Bureau of Complaint

by Linda McCullough Moore

The Israelites grumbled in the desert 
and the destroying angel smote them. 
Smite, smitten, not quite the same. 
Smote them, with a plague; 14,700 of them 
died before Moses’ brother and Man Friday, 
Aaron, could get the incense out 
to stop the scourge.

That's how much God likes complaining.

Let’s construct the daisy chain: 
Everything that happens is God’s will.
(I’m sorry, but it is. A god who’s just 
in charge of good must be a part-time, 
jury-rigged contraption.)
So. 
God wills a thing to be;
if we complain of it 
we’re spitting in his eye, 
implying, “You did this, 
and you got it wrong.”

Cue the destroying angel.

A man called Jack, 
yes Lewis, C.S. Ph.D. 
said even if eternity 
lasts only a million years,
that a complaining woman 
would in less time than that
become a demon, 
a nightmare grumble,
and she as she would cease to be.
I think he thought complaining
might not be good for you at all.
Might shrivel and demean, destroy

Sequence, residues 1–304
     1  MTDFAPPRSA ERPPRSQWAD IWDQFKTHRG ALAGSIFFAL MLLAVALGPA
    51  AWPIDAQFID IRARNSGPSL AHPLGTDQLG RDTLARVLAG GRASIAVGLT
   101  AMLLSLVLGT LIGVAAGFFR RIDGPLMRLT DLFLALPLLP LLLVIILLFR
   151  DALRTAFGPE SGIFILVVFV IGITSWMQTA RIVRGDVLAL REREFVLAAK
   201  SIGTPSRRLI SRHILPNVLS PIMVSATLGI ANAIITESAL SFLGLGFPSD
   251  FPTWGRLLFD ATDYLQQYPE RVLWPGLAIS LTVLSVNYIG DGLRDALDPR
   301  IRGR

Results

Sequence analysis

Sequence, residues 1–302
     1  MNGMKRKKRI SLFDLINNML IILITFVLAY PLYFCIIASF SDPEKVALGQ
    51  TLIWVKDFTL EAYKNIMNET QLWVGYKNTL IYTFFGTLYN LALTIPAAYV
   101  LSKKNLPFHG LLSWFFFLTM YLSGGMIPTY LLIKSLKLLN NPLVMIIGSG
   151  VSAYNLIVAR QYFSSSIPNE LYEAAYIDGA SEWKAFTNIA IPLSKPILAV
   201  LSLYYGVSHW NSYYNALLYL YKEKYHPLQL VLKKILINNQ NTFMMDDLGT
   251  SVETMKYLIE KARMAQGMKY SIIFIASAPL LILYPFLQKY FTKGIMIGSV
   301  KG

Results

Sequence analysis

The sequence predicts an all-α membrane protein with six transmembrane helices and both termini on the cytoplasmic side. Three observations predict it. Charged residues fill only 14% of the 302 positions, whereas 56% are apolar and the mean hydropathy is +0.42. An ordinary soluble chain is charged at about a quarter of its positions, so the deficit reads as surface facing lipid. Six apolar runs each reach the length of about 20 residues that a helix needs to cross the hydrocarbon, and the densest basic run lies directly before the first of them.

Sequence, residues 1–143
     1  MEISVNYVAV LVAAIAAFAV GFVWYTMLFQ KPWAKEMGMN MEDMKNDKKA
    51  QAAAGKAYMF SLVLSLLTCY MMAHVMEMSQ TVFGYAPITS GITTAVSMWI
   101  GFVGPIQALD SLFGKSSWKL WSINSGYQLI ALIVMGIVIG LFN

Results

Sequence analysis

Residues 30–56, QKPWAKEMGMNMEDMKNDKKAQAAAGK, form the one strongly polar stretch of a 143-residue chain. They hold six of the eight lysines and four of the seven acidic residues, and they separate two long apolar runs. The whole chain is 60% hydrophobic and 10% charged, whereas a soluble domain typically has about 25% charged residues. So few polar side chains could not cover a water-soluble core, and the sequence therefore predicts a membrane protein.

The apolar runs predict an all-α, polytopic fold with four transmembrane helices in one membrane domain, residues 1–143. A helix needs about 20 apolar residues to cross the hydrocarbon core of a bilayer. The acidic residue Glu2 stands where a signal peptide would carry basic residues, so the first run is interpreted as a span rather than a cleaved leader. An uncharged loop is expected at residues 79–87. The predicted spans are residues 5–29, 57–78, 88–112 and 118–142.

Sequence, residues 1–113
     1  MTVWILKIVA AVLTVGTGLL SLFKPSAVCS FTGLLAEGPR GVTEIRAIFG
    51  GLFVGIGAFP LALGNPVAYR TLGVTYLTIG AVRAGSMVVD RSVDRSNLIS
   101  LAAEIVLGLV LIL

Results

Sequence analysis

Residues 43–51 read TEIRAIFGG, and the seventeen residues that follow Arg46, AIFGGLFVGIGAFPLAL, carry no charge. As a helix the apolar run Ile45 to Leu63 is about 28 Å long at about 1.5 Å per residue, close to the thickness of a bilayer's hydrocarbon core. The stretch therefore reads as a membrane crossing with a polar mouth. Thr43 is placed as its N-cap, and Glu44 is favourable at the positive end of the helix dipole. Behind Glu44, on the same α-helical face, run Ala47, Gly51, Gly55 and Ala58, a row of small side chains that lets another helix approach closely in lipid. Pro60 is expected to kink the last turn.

you altogether. A caution.

If later on this afternoon, 
somebody asks me how I’m doing, 
I’m going to tell them, “Fine.”

Linda McCullough Moore is the author of two story collections, a novel, an essay collection and more than 350 shorter published works. She is the winner of the Pushcart Prize, as well as winner and finalist for numerous national awards. Her first story collection was endorsed by Alice Munro, and equally as joyous, she frequently hears from readers who write to say her work makes a difference in their lives. For many years she has mentored award-winning writers of fiction, poetry, and memoir. She is currently completing a novel, Time Out of Mind, and a collection of her poetry.

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